13 November 2019 | Tax Foundation / United States
On October 2nd, the Tax Foundation released the 2019 International Tax Competitiveness Index, which compares OECD countries on over 40 variables that measure how well each country’s tax system promotes sustainable economic growth and investment.
This new resource gives a comprehensive overview of how developed countries’ tax codes compare, explains why certain tax codes stand out as good or bad models for reform, and provides important insight into how to think about tax policy.
The best tax codes in the OECD:
- Estonia (for the sixth year in a row!)
- New Zealand
- Lithuania (included in the Index for the first time)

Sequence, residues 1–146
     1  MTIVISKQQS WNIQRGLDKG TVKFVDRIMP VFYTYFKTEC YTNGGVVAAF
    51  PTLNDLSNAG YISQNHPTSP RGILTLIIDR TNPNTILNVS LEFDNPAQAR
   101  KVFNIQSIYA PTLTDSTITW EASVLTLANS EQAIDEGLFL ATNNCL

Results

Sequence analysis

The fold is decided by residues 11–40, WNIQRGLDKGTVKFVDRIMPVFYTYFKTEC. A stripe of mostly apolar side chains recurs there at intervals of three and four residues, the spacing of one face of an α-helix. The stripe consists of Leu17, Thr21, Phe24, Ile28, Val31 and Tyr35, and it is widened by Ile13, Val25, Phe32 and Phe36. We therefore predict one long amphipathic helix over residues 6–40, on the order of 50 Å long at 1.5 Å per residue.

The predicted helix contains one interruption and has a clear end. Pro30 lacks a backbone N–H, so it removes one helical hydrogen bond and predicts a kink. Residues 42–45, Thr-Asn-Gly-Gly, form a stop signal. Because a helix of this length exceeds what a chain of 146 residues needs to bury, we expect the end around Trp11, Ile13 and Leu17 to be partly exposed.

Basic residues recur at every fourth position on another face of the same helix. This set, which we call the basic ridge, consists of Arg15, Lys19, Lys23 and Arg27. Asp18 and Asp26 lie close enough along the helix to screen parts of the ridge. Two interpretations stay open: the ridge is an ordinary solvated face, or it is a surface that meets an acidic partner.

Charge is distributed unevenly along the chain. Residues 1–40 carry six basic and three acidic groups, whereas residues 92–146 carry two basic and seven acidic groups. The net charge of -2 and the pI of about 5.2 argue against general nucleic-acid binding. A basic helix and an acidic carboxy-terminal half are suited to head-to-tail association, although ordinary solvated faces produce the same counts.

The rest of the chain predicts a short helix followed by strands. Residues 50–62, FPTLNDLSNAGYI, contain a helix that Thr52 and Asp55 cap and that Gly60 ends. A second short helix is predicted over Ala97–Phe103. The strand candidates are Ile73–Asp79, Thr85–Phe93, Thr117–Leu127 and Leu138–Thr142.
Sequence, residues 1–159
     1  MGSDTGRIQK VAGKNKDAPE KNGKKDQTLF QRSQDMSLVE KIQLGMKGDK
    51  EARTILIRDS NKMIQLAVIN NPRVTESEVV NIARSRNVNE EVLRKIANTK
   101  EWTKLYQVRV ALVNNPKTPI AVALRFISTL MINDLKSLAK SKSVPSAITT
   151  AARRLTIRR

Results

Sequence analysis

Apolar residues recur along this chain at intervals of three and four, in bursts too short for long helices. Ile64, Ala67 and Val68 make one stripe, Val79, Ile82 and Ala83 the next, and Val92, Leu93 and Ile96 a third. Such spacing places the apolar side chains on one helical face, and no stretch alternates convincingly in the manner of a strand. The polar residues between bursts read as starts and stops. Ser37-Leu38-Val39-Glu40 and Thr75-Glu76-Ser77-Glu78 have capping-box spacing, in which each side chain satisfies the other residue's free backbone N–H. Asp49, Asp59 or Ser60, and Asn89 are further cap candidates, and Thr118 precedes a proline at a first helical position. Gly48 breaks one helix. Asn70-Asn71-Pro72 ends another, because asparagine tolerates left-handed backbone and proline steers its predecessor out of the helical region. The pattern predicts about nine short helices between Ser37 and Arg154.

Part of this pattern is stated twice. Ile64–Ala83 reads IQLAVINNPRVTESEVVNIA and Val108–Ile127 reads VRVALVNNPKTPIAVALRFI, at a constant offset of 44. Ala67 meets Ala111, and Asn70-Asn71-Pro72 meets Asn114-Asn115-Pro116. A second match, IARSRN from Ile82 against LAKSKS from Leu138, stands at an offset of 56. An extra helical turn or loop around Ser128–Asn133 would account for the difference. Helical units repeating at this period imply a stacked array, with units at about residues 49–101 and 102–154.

The worst tax codes in the OECD:
36. France (for the sixth year in a row!)
In particular, the Index looks at a country’s corporate taxes, individual income taxes, consumption taxes, property taxes, and the treatment of profits earned overseas in terms of how they adhere to the important tax policy aspects of competitiveness and neutrality.
It’s important to note that the Index measures both the level of taxes and how taxes are structured.
A well-structured tax code is easy for taxpayers to comply with and can promote economic development while raising sufficient government revenue.
A poorly structured tax system can be costly, distort economic decision-making, and harm domestic economies. Many countries have recognized this and have reformed their tax codes. Compare your country’s tax system with this interactive tool.
Here you can find the Index translated into multiple languages (French, Italian, Greek, and German) and several shareable graphics for social media.
If you have any questions about the Index, don’t hesitate to contact Daniel Bunn, Director of Global Projects at the Tax Foundation.